Featured Fellow: Bethynia Cardenas
Applying For And Winning A Fellowship:
Bethynia Cardenas on the Javits Fellowship
FELLOWSHIP I WON AND WHEN: I was a first year graduate student in the MFA Program in Cinema, at S.F. State. During the first year, I applied to several scholarships and fellowships, with the idea that I didn’t want to take out any more student loans. At that point, I wasn’t being offered Cal Grants or any subsidized funding.
The thing is, a year before I had started looking into scholarships and fellowships. So the research actually happened during the summer before my first year. And I started requesting large numbers of official transcripts from previous universities, just to have them on reserve. That way, if I found a new scholarship, I could make a miracle happen within a week. So my plan was to not only focus on national scholarships; everyone assumed that I wouldn’t get them, and reminded me they were a long shot. I still applied to those, but at the same time I applied to S.F. State local scholarships and fellowships that were open to graduate students.
My first strategy was to find out where there was a scholarship office at school. And there was a website. First I went to the Financial Aid website, where I saw a link to the Academic Honors and Scholarships website. I saw that there was a way to search. So I did all the key words, “graduate students,” “4.0” “Latina, “Hispanic,” “Cinema,” “Art,” “low income,” whatever I could find. And I put them on a spreadsheet with the deadlines, the requirements, and started asking for letters of recommendation.
At that point, the letters of recommendation were the most difficult challenge, because I couldn’t really ask for letters of recommendation from my new professors who they had only met me two weeks prior. So I had to go back—way, way back—to my undergraduate professors.
Luckily, I had really supportive undergraduate women faculty goddesses to help me. And they are the ones who gave me awesome recommendations for the Javits. And I think this paid off. Because even though it had been four years since I graduated, they remembered me and they remembered working with me. This was the toughest part, to be honest: getting other people on board, and being persistent enough and assertive enough to continue to remind them to send those letters in.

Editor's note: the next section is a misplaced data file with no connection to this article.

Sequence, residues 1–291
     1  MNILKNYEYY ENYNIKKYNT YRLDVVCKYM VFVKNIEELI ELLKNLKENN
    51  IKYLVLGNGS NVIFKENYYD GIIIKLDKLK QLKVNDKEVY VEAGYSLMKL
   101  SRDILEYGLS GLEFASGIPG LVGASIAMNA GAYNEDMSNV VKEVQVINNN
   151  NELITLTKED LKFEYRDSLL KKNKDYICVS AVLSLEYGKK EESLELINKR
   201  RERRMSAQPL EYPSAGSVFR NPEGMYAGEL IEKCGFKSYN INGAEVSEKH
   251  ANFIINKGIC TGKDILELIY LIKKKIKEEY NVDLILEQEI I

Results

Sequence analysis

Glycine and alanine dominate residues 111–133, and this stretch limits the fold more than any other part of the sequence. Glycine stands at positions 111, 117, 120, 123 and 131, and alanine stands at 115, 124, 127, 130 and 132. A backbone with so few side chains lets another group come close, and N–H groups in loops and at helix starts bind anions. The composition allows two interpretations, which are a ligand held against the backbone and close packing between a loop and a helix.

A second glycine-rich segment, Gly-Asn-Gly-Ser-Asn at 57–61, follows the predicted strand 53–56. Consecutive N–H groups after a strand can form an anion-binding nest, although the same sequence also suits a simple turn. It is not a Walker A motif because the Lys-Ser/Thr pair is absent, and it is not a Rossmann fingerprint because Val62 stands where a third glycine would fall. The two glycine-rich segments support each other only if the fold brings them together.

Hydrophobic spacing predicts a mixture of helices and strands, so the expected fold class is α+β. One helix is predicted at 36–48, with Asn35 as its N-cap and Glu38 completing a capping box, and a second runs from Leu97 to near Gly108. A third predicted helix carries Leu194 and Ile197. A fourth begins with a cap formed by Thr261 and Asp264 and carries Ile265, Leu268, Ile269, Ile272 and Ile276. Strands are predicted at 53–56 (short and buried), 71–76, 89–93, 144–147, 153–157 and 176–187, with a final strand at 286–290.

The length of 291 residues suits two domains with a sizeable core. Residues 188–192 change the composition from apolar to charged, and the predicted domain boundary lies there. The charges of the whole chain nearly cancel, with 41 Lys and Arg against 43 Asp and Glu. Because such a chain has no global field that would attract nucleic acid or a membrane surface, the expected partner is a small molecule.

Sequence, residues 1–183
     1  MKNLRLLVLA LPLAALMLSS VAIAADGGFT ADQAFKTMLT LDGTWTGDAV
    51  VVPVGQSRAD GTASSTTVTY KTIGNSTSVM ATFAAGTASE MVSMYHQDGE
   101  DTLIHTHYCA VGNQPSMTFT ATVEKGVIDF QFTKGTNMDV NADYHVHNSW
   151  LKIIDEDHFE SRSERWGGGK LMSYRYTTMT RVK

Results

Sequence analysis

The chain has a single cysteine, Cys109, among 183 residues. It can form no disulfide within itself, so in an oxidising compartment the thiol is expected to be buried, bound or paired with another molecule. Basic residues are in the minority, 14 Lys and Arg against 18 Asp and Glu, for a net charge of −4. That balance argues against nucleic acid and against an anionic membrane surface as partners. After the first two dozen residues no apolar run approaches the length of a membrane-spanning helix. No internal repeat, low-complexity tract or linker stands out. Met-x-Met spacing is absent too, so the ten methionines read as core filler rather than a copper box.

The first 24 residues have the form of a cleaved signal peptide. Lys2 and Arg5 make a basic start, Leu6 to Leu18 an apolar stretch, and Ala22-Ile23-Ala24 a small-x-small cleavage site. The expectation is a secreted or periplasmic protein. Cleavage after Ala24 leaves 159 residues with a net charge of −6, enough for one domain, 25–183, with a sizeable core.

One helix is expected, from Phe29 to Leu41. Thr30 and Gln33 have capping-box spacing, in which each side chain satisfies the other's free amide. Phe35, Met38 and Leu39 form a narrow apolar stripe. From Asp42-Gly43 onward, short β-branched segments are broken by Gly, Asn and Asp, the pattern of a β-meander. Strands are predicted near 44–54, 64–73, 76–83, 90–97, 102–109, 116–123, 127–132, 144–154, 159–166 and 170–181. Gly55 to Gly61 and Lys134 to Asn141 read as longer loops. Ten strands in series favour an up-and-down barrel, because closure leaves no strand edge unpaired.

MY AREA OF ACADEMIC/PROFESSIONAL INTEREST: As an MFA in Cinema, my main focus is to develop my artistic voice, and to do that I want to develop narratives that deal with Latin America/Latino issues here in the US and abroad in places like Mexico.
THE SUBSTANCE OF MY FELLOWSHIP PROPOSAL: In my Javits statement, I proposed the idea of creating a cinematic voice that incorporated social issues and did it in a way that went beyond just the documentary. I wanted to use real events and historical events that would entertain and inspire people. Though the application, I explained my interest in cinema, especially Mexican cinema, and what it meant to me as a Mexican immigrant. So I talked about how cinema in Mexico educated me to become knowledgeable about the culture, about myself, and about issues in my community. I was especially interested in how cinema could be used as a tool to educate people about sexual norms and gender norms. I wrote about how film had created my own sense of sexuality in relation to traditional gender roles—but that it had nevertheless not reflected my own reality. This is what I explained to them.